UN Security Council calls for restraint and ending tensions in Gulf | News -

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The UN Security Council has called for dialogue to address rising tensions between the United States and Iran and stressed the need to take measures to end tensions in the Gulf. In a press release prepared unanimously by Kuwait, the Security Council condemned recent attacks on oil tankers as a threat to global oil supplies as well as international peace and security.

After a two-hour meeting, the Security Council approved a statement that did not refer specifically to Iran, but made it clear that all parties must back down from the military confrontations that are feared to erupt.

The international standoff came just hours after US President Donald Trump imposed new sanctions on Iran aimed at Supreme Leader Ayatollah Ali Khamenei and eight Iranian leaders.

All parties concerned and all countries in the region must "exercise utmost restraint, take action and work to reduce escalation and tension," the statement said.

The statement, supported by Russia, said the United States "urges council members to address disputes peacefully and through dialogue."

Britain, France and Germany separately called for "a reduction of escalation and dialogue, with full respect for international law."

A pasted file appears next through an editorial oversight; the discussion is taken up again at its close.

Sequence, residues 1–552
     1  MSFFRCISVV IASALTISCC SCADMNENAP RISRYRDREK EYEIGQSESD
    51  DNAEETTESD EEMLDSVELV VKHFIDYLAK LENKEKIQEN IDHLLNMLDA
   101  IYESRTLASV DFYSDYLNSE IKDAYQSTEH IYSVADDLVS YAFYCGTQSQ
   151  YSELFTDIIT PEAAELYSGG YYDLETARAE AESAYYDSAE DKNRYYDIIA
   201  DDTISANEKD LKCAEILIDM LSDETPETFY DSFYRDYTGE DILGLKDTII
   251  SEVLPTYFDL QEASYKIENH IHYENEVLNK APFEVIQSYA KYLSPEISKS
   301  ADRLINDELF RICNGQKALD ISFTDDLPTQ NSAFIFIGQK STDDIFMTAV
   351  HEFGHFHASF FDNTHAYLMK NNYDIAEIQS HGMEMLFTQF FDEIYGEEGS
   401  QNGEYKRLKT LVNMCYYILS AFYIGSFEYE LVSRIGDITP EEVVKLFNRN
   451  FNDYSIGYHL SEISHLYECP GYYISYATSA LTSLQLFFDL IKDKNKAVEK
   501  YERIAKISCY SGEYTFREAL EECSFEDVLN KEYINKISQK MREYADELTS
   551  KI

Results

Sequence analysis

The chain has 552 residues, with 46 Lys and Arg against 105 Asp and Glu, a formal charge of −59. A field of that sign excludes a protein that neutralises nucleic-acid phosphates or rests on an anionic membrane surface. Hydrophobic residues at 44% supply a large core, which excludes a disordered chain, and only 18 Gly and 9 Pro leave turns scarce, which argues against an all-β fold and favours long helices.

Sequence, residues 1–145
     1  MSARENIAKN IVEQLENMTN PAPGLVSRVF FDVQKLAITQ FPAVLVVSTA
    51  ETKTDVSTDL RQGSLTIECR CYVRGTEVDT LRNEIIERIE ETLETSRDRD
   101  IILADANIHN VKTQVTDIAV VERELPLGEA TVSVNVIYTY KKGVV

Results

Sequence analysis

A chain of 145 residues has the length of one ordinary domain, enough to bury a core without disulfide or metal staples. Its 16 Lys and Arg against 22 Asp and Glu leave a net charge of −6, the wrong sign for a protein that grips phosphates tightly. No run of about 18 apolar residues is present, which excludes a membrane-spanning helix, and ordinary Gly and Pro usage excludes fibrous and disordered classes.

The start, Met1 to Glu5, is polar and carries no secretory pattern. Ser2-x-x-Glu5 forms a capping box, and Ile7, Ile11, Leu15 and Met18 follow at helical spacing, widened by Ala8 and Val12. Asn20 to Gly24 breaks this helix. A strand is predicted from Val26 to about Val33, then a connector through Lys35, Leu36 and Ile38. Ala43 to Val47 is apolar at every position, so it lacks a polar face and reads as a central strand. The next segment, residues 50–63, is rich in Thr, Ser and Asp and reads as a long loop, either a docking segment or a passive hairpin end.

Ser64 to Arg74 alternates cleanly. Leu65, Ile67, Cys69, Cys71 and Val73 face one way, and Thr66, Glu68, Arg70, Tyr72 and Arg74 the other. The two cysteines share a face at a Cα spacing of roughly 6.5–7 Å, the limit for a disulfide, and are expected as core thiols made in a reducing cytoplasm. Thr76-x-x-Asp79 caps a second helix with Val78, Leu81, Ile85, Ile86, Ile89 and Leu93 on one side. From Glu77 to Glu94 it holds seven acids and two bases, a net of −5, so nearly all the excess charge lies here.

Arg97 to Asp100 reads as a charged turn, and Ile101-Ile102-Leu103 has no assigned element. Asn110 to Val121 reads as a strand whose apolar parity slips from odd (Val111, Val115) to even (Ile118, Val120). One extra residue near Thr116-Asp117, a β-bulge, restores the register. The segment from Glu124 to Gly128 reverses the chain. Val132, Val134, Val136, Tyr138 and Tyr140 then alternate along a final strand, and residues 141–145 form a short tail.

During the meeting, the United States provided evidence that it said Iran had been behind the recent attacks on two oil tankers in the Sea of ​​Oman, using divers who had pasted two ships. But Tehran has denied responsibility for the attacks.

However, the US ambassador to the United Nations, Jonathan Cohen, said: "The only government body with the capabilities and the motivation to carry out these attacks is Iran."

Diplomats said the United States had pressed to state that "state actors" were responsible for the attacks on the two carriers in the press release, but Russia rejected the tone.

The UN Security Council is due to discuss on Wednesday the Iranian nuclear deal, which the United States has withdrawn from and the Europeans are seeking to save.

HZ (AFP)

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